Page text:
There's so much wacky talk about tablets, iOS, Android, Apple, Samsung and sometimes the Microsoft Surface that it's hard to keep pace with it all. First, tablets were on the ascent, rapidly soaring past PC sales. After all, PC sales were yesterday's news. But now we have yet another projection from industry analyst IDC that maybe tablets are going to be slightly less popular than expected.
Now understand that anyone who does long range forecasts is apt to have a spotty record, and IDC gets things wrong from time to time, sometimes badly wrong. But I suppose some of these predictions are based on the fact that Apple didn't sell as many iPads in the last financial quarter as in the previous year.
Of course, it's also true that Apple was riding on the introduction of a new iPad lineup in 2012, whereas the last iPad refresh dates back to last fall. So, given the usual industry and sales trends, you can expect iPad demand to have fallen ahead of expected new products some time this fall.
But not on September 10, since the people who seem to know about such matters say it won't happen so early.
In any case, the new IDC forecast is slightly lower than the previous one, with projected 2013 sales of 227.4 million units as compared to 229.3 million in the previous estimate.
Key reasons are, they say, the encroachment of phablets — "tweener" tablets with built in phones that are larger than smartphones but smaller than regular tablets, such as the Samsung Galaxy Note series — and wearables. Did I say wearables?
Yes, it's clear that Samsung is prepping a smartwatch for early September release, Sony will expand their smartwatch lineup, and others are entering the game. But it's not at all clear Apple is among them. More to the point, there's little or no evidence yet that, despite the growing number of wearables in this space, people even care. But we're only talking about two million fewer sales here, so maybe it's not so big a deal.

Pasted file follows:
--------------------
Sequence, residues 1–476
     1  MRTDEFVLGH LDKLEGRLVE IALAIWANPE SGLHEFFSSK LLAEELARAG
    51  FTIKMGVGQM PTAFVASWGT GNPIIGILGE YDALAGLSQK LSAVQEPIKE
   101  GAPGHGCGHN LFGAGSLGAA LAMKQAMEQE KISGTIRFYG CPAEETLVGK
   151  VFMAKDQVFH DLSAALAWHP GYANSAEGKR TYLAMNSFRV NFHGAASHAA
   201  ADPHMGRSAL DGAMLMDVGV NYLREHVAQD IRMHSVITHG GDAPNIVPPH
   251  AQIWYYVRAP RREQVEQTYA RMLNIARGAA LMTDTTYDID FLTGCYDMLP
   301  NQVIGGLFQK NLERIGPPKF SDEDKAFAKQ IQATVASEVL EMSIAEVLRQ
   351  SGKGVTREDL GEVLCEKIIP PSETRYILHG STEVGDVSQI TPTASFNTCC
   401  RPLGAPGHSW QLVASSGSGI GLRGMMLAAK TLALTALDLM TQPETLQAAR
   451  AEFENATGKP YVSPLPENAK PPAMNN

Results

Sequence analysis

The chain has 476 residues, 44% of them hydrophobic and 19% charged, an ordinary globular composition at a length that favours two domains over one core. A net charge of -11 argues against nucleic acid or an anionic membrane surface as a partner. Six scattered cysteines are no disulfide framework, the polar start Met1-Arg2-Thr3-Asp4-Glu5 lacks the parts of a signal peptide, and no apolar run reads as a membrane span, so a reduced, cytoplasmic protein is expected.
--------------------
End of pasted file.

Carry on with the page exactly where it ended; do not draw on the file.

As to those phablets, I suppose there is a decent demand for them, and for larger smartphones, although Apple has demonstrated no interest in either market, at least not yet.
When it comes to tablets, IDC is also speculating that the average selling price is going to decrease. All right, nothing surprising about that, since there are more and more so-called "white box" tablets that you can buy in developing countries real cheap. Of course, you also get a cheap experience, meaning they may not hold up so well over the long haul. It's also clear that not very many people seem to be using non-Apple tablets to get online.
Take that recent number cited by Tim Cook and others, that some 84% of tablet-based Web traffic comes from iPad users. Since the iPad gets roughly a third of the market nowadays, this wouldn't seem to make sense. Or maybe people buy those other tablets, finding they don't work so well, decide to return them or stick them in a closet never to use them again.
Of course, getting subpar gear doesn't just hurt the product's maker. It may influence someone's future purchase decision about such gear, assuming that lousy experiences are just par for the course. The reports about serious teething pains with the latest Google Nexus 7 tablet don't help either, though it's reported Google is trying to fix the "crazy" touchscreen and other issues that have confounded users.
It's also a well known fact that many Android developers tend to cheap out when it comes to optimizing their apps for tablets. So you have a simple scaling of content rather than reorienting it, and adding stuff to make it look better on the larger display, not to mention working more efficiently. Certainly that adds to the inferior user experiences that might deter people from using tablets, and maybe eventually deciding not to buy them.
You see, in the real world, rather than our tiny closed corner of the universe, regular customers don't really see the differences in tablets that we do. Android and iOS tablets kind of and sort of look pretty much the same externally. Sure, iOS and Android are different in look and feel, but not so different when examined casually.
So a poorly functioning tablet is simply a bad advertisement for the entire market. Yes, people might give up on Android and switch to an iPad. Or they might decide that, since they are already used to those clunky old PCs, might as well stick with something that continues to work pretty well. And that means the one they have. No sense upgrading.
I suppose a phablet might be a smaller, more convenient alternative for some, but it only seems to offer a larger screen over a regular smartphone as the only perceived advantage. But that might grab a few sales from the tablet space. As to wearables, the jury is still out on whether there's any potential. But with many expecting an iWatch some time in the future, I suppose some makers are trying to head Apple off at the pass. But that doesn't mean there's a market for those things yet.
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